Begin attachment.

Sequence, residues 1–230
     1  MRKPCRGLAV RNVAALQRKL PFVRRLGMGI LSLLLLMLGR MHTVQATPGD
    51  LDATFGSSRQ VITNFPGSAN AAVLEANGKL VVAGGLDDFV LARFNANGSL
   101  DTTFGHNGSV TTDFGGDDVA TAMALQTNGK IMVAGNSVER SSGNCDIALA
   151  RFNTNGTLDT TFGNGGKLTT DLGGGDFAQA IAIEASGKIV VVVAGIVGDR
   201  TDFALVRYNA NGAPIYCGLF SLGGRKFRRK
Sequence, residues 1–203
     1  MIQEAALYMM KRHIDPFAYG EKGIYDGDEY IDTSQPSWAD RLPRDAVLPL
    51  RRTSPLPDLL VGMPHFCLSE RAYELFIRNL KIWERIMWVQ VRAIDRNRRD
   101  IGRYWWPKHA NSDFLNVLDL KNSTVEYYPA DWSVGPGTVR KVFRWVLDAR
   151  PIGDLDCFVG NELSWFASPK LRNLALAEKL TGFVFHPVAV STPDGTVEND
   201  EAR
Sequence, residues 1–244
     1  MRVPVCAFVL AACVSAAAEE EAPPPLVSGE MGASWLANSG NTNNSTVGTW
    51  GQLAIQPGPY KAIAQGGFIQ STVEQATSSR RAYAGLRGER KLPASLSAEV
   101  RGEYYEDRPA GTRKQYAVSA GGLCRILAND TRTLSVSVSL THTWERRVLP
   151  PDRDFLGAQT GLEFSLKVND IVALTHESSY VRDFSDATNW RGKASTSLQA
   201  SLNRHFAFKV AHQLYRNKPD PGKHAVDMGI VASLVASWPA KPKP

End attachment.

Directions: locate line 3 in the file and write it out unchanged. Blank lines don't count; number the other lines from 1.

    51  LDATFGSSRQ VITNFPGSAN AAVLEANGKL VVAGGLDDFV LARFNANGSL